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The Last Empire: The Final Days Of The Soviet U...



The recent turmoil in Ukraine has led many Western analysts to accuse President Vladimir Putin of seeking to resurrect the "Soviet Empire." Indeed, Russia's justification for the annexation of Crimea largely stems from insistence that the Soviet transfer of Crimea to Ukraine was illegitimate, yet few understand the complex mechanics that determined the current borders of the post-Soviet states, and even fewer remember how the West tried to preserve the integrity of Soviet Union during its last days, fearing the onset of a Yugoslavia-type civil war.




The Last Empire: The Final Days of the Soviet U...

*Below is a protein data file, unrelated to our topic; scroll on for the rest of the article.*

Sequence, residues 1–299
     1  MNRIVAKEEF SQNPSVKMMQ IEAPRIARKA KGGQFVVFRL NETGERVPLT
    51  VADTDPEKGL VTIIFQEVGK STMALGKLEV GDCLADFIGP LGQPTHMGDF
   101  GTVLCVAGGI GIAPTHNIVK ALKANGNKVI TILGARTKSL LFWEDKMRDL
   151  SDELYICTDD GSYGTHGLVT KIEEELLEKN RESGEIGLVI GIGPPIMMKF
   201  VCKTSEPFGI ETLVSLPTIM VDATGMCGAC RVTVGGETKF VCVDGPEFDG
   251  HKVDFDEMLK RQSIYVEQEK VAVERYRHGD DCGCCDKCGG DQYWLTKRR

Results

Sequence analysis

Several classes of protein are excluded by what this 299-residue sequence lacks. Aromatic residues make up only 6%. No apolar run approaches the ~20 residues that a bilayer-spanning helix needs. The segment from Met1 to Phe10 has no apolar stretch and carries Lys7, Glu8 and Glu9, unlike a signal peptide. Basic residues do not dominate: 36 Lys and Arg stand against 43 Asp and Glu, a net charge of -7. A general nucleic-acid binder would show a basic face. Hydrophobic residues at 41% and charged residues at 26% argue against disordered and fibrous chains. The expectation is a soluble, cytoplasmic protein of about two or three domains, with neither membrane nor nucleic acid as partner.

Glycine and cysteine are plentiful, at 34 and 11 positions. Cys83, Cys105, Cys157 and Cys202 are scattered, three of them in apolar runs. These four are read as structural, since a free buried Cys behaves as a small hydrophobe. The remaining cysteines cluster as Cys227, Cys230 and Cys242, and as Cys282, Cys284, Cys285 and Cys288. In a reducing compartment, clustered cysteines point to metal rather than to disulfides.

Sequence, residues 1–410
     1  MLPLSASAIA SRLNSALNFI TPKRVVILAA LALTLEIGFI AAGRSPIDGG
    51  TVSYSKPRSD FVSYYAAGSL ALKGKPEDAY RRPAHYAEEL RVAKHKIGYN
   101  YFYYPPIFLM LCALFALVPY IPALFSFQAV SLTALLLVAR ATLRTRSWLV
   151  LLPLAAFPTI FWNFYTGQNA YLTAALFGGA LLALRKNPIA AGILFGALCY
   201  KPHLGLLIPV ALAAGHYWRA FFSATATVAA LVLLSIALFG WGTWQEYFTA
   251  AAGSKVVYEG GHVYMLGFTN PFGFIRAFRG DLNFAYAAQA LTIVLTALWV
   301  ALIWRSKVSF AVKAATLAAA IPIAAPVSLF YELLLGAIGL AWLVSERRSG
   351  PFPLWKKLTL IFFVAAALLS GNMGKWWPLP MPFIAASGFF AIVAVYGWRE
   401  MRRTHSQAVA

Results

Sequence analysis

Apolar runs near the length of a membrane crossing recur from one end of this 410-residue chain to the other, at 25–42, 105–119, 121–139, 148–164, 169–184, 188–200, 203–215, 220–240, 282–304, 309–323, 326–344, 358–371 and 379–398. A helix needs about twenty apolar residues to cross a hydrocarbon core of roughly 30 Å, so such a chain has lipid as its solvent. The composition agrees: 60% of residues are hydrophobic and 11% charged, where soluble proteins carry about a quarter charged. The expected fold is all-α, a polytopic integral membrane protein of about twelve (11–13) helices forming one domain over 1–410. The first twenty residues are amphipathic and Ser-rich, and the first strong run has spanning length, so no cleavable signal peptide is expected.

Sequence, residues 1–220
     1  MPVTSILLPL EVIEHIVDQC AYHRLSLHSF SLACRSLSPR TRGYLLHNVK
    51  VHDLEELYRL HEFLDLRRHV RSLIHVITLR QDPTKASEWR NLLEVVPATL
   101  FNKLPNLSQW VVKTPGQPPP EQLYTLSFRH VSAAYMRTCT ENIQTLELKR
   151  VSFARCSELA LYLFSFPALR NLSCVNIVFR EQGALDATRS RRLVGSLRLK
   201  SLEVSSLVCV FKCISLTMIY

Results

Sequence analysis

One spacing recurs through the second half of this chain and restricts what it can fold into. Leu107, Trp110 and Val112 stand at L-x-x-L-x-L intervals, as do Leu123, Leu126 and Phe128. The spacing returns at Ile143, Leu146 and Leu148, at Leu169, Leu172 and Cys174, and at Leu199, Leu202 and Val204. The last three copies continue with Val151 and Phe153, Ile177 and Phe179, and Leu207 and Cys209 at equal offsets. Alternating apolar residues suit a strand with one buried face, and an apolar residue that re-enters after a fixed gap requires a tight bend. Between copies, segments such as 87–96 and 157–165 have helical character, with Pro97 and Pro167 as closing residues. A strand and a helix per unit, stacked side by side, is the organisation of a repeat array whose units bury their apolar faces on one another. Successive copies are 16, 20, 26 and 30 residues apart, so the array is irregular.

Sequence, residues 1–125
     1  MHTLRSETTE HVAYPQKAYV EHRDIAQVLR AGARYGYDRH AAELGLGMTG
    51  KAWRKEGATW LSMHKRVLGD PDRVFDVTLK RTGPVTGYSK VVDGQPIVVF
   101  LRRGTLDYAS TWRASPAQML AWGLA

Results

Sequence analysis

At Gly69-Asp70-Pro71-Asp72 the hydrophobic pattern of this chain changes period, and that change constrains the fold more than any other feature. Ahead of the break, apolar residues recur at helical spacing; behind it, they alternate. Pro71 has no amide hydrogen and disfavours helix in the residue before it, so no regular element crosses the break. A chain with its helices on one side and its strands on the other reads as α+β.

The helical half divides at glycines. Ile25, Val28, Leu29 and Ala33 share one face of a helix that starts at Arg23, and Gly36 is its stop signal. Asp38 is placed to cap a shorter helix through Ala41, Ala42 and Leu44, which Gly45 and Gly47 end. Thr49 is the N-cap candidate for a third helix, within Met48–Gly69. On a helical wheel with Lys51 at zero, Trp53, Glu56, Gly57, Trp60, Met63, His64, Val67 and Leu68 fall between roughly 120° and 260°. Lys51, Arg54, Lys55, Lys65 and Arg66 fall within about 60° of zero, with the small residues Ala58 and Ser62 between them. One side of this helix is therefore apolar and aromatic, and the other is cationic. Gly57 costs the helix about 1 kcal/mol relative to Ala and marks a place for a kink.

As the bastion of communism fell in a symbolic boon for capitalism and democracy, some people celebrated in the streets, embracing the promise of their newfound freedom. Others mourned the loss of their global might and feared an uncertain future. The young countries of the former Soviet Union then began the daunting task of adopting new governments, new economies, and new ways of life. While hailed in the West as a sign of the inevitable march of progress, the transition to capitalism would be profoundly disorienting for many in the former USSR.Leading up to its collapse, the Soviet Union was buried deep in economic stagnation. Food shortages and grinding poverty were widespread. Yet many Soviet citizens took pride in their industry, technological advancements, and status as a superpower. The fall of the empire meant not only a change in the world order, but also a change in the way of life and self-perception for many of its inhabitants. Here is a look at the last days of the Soviet Union.